Recently Dr. John Parsons, an MIT Sloan School economist, showed that published costs for "third generation" nuclear plants use different approaches [10]. Some bundle in transmission upgrades; some include interest; some allow for cost escalation. The variations produce large discrepancies. Dr. Parsons' estimate of the "overnight" cost in 2007 for the power plant in reference [6] works out to $5.7 billion for 1,200 MW of capacity.

Probably more significant than specifics of estimates is a pattern of cost growth. The works of both Dr. Joskow and Dr. Parsons indicate that they trusted a 2002 "base case" of $2.00 a watt for the "overnight" cost of a "third generation" nuclear power plant. As of 2007, Dr. Parsons' estimate became $3.95 a watt, for an average of 5 plants with 10 reactors [10]. Cost estimates from these economists nearly doubled in only 5 years.

Only radical increases in costs of fossil-fuel plants and prices of fossil fuels could compensate for such huge differences between costs of power from nuclear and competing new sources. For the forseeable future, nuclear power looks like a high-risk, high-cost option for the United States, and for that reason it is unlikely to grow rapidly, even with strong support from the federal government.

[1] U.S. Energy Information Agency, History of energy in the United States: Nuclear Energy (2002), available at

[2] U.S. Energy Information Agency, Nuclear generating units 1955-2008 (2009), available at U.S. Nuclear Regulatory Commission, Commercial nuclear power reactors formerly licensed to operate (2005), available at

[3] Compiled from public records, Cancelled nuclear units ordered in the United States (2005), available at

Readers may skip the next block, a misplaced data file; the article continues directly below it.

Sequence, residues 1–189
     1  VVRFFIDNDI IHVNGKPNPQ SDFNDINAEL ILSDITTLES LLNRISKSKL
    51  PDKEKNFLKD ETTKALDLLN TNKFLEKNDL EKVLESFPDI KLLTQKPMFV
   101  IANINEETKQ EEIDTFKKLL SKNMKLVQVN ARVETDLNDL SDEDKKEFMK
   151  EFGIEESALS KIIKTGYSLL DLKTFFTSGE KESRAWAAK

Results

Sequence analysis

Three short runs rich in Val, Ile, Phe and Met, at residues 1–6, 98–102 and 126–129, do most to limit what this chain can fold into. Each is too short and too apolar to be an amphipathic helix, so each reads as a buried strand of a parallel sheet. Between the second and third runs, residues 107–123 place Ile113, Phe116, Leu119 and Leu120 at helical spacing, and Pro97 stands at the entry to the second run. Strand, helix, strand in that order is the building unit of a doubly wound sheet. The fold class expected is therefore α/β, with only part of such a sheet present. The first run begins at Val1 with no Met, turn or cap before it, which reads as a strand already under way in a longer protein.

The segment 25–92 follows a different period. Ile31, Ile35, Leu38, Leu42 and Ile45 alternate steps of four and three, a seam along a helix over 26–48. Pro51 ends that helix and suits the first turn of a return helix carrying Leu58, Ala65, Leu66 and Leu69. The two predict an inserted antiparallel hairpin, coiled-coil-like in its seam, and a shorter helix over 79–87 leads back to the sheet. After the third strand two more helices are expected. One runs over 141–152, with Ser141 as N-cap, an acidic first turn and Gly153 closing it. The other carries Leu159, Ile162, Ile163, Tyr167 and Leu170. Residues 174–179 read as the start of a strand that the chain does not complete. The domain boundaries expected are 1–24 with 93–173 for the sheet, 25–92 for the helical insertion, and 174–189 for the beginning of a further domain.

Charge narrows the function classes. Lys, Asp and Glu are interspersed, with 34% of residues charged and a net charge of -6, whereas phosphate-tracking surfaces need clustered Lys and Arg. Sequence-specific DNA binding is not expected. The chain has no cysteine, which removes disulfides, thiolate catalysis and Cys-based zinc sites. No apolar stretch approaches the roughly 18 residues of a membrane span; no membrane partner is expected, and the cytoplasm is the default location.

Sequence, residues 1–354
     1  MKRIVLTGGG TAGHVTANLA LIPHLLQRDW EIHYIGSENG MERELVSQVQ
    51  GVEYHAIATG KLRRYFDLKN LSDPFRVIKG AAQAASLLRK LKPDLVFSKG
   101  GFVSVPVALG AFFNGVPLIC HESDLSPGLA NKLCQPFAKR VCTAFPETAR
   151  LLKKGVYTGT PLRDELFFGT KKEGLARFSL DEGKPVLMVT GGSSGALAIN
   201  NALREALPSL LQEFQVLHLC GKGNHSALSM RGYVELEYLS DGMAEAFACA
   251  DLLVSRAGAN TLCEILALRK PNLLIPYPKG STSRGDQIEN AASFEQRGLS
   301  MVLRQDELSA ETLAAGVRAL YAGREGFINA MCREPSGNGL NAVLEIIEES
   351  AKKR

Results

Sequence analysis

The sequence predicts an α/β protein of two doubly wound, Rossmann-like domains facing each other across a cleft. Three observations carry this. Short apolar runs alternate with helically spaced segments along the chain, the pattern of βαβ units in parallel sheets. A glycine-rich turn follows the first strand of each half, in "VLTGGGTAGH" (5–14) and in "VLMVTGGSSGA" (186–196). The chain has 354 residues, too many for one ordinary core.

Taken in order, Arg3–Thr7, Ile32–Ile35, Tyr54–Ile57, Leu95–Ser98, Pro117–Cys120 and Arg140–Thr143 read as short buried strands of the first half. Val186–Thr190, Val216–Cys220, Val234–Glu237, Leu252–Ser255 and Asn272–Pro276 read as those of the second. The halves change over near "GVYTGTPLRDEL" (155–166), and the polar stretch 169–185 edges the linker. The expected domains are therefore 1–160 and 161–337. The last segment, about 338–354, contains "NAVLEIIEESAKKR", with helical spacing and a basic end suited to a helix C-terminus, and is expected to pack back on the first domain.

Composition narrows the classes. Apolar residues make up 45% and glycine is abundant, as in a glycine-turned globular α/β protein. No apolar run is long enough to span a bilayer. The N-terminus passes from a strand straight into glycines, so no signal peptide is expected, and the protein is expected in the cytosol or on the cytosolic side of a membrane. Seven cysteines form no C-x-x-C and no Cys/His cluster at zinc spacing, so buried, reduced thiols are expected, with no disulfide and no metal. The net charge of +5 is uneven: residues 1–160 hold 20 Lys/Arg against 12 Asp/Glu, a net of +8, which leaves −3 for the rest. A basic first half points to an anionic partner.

[4] U.S. PIRG, A history of action in the public interest, 1980s (2002), available at

[5] U.S. Energy Information Administration, Vogtle nuclear power plant, Georgia (2009), available at

[6] Rob Pavey, Feds back two new reactors at Plant Vogtle, Augusta Chronicle, February 16, 2010, available at (two 1,100 MW units).

[7] Stacey Roberts, Utility's rate-rise request tapered, Arkansas Democrat-Gazette, October 15, 2009, available at (one 600 MW unit).

[8] Paul L. Joskow, Prospects for nuclear power, a U.S. perspective (2006), available at See Comparative Base Load Costs, page 23.

[9] See Craig A. Severance, Business risks and costs of new nuclear power, Electricity Journal 22(4):112-120 (2009), draft version available at Extended analysis in this study predicts bulk cost for nuclear power from "third generation" nuclear reactors of 25-30 cents per kWh.

[10] John E. Parsons, Financing new nuclear generation (2009, updating Future of nuclear power, 2003), available at See Table 4.